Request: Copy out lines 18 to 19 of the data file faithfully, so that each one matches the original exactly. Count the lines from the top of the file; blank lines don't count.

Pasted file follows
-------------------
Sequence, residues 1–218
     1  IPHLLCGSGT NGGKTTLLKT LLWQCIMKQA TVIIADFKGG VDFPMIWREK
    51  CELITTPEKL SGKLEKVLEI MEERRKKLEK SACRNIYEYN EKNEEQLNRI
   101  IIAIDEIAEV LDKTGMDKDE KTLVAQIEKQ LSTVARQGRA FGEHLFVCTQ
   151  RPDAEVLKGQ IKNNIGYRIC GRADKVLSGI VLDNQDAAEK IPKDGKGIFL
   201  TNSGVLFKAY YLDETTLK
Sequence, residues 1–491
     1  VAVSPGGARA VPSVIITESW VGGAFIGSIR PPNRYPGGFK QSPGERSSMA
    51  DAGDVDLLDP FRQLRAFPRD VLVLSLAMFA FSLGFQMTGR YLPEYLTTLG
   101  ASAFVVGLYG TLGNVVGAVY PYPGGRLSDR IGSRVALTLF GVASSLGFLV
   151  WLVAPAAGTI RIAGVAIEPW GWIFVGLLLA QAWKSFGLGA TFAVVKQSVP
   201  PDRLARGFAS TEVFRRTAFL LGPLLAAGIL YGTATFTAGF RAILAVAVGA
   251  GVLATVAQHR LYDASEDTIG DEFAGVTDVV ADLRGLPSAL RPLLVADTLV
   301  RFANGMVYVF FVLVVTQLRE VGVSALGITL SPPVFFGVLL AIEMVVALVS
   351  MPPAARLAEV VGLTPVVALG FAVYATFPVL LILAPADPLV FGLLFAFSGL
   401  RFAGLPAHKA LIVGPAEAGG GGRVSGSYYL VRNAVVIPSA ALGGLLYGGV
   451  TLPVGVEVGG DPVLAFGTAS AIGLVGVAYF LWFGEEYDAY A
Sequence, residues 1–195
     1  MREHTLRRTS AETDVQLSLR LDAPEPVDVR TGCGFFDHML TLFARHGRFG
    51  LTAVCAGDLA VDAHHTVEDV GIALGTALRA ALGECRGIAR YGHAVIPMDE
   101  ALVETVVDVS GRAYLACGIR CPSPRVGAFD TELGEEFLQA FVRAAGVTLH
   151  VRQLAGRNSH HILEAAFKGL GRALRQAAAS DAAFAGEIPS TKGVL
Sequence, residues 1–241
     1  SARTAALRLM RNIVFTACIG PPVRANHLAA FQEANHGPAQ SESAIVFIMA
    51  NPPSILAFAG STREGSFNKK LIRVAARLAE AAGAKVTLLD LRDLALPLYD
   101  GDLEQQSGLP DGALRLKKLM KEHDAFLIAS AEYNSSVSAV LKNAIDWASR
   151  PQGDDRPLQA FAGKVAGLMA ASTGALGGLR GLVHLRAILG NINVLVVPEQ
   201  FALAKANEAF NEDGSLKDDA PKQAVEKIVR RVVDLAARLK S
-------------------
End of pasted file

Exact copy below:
Sequence, residues 1–195
     1  MREHTLRRTS AETDVQLSLR LDAPEPVDVR TGCGFFDHML TLFARHGRFG